FDA dubs new drug a ‘breakthrough therapy’ for advanced cancers

FDA dubs new drug a ‘breakthrough therapy’ for advanced cancers

A lengthy follow-up study to Bristol-Myers Squibb’s cancer medication nivolumab (Opdivo) has shown a 28 percent reduced risk of death in patients with advanced lung cancer.

A lengthy follow-up study to Bristol-Myers Squibb’s cancer medication nivolumab (Opdivo) has shown a 28 percent reduced risk of death in patients with advanced lung cancer.

The phase III CheckMate-057 study was presented at the 2015 European Cancer Congress and also published in The New England Journal of Medicine.

After 17.2 months, 582 patients with advanced nonsquamous non–small cell lung cancer (NSCLC) were given randomized treatments- half nivolumab, half docetaxel. The median age of the participants was 62.

The overall survival rates for patients given nivolumab was 39 percent, compared with the 23 percent rates for patients taking docetaxel, a leading competitor. Moreover, adverse events were far less common with nivolumab (10 percent) than with docetaxel (54 percent).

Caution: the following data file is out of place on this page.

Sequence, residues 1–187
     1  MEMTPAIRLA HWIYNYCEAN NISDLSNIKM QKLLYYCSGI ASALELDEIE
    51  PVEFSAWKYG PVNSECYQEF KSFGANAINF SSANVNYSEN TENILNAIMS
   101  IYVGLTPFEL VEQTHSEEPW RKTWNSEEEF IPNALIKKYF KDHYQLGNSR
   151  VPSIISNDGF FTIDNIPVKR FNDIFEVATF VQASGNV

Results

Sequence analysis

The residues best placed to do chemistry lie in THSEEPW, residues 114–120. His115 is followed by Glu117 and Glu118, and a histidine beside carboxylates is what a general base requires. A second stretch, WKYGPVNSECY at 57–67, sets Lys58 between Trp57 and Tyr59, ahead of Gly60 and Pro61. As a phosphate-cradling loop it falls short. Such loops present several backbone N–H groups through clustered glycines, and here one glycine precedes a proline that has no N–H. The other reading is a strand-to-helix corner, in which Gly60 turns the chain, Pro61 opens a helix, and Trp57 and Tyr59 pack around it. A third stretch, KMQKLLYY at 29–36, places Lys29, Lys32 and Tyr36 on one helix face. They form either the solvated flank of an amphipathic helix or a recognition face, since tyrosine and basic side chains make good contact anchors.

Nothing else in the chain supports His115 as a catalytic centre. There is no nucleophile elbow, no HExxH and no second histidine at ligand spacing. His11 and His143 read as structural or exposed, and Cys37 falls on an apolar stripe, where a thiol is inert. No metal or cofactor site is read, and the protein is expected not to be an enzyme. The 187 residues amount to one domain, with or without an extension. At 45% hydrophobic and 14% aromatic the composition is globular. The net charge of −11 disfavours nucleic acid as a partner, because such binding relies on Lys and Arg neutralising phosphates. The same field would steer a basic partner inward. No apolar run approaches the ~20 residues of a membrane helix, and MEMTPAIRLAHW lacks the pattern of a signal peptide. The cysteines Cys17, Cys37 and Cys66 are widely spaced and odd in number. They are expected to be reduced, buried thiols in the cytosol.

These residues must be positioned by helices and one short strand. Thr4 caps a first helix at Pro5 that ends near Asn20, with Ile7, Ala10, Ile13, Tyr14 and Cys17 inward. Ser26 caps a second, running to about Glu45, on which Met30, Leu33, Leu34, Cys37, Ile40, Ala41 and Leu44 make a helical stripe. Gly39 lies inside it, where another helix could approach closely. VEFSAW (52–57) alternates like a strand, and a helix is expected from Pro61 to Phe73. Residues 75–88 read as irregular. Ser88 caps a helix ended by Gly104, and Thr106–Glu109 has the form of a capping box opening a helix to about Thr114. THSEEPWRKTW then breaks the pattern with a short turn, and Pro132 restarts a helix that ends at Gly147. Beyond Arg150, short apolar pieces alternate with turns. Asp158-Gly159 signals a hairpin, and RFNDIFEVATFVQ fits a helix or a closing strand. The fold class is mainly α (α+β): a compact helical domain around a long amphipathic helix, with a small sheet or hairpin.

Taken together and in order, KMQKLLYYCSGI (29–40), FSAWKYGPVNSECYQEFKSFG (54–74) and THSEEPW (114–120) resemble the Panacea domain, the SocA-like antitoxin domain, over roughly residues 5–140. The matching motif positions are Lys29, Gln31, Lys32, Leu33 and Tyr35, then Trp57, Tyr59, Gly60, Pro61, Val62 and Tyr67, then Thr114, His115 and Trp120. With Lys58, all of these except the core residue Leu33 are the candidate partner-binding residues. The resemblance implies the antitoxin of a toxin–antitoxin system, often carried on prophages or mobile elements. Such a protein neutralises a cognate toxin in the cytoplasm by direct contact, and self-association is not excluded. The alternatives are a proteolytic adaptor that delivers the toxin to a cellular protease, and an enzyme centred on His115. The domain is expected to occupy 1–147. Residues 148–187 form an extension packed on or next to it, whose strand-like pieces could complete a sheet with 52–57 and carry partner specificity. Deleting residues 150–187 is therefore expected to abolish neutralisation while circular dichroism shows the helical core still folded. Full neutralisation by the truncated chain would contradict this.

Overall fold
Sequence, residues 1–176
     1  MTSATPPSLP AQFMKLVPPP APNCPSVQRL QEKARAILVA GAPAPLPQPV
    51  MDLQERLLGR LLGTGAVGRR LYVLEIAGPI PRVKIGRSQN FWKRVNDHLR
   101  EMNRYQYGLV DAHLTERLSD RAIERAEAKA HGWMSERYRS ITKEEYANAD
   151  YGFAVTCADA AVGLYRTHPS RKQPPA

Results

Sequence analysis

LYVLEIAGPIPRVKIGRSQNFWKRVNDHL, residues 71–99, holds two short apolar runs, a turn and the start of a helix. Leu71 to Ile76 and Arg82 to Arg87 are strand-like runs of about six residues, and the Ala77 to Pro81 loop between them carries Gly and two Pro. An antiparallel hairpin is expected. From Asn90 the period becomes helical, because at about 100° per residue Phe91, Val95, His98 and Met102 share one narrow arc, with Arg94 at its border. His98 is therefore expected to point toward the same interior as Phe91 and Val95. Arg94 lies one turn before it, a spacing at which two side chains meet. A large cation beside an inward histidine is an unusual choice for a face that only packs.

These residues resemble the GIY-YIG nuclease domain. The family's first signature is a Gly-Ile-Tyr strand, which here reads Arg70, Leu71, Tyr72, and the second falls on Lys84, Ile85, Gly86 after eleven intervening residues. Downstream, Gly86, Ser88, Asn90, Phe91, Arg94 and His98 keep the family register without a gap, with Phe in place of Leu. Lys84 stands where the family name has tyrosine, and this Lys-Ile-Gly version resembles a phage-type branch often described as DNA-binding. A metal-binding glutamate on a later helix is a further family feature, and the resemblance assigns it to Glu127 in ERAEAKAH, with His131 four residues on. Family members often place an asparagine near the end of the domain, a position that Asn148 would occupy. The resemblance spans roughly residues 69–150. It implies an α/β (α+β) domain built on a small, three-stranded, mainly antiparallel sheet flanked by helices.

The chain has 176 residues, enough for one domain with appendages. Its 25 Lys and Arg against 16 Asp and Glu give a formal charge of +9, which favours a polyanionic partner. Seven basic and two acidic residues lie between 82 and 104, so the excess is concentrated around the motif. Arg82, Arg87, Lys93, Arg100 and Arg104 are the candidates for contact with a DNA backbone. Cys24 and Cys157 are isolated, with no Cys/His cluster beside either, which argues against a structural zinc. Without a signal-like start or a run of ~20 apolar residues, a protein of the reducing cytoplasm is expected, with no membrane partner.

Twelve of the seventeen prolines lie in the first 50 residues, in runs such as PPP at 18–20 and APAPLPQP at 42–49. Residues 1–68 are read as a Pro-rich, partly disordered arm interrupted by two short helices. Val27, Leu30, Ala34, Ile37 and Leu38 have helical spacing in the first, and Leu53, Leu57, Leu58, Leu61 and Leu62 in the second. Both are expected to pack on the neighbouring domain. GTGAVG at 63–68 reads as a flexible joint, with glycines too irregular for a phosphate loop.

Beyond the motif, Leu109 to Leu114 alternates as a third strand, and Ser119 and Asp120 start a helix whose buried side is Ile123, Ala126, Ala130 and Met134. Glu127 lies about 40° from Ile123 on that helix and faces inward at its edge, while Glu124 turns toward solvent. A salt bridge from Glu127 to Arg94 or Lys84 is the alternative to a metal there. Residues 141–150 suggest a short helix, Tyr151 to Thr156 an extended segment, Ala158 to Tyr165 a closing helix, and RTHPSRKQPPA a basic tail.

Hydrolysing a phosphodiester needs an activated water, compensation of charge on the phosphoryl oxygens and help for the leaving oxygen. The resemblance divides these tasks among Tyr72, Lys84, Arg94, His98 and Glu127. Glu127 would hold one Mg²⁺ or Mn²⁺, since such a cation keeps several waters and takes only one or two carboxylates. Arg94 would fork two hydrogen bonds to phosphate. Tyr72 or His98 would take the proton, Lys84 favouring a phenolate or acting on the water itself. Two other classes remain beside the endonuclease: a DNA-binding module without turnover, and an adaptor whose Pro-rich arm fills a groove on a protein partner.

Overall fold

“These longer term survival results for nivolumab in advanced, nonsquamous non–small cell lung cancer support the potential for this immuno-oncology agent in treating lung cancer patients,” said lead investigator Leora Horn, MD, of the Vanderbilt-Ingram Cancer Center. “CheckMate-057 builds upon its critical findings and now, data show a sustained survival benefit for nivolumab in this hard-to-treat disease that is incredibly encouraging for oncologists, and most importantly, for our patients.”

“Importantly, data from this analysis show that a greater proportion of patients had tumors that shrank in response to nivolumab than to everolimus; the objective response rate was 25% for nivolumab versus 5.4% for everolimus, the partial response rate was 24.1% versus 4.9%, the complete response rate was 1% versus 0.5% respectively, and many other patients experienced stable disease when the tumors did not grow – 34.4% for nivolumab-treated patients versus 55.2% for everolimus-treated patients.”

Based on the phase III CheckMate-057 trial, on September 2, the FDA granted nivolumab the designation of breakthrough therapy and a priority review for patients with previously treated nonsquamous NSCLC.

“It is exciting to see the outcome of this study, as the results are significant and clinically meaningful to patients and healthcare professionals alike. They are likely to change the treatment of patients with advanced kidney cancer, whose disease has progressed on prior treatment. Although we cannot speculate at this time on when nivolumab might enter the clinic, we hope that this study will quickly lead to approval of nivolumab as a standard of care therapy for these patients.”

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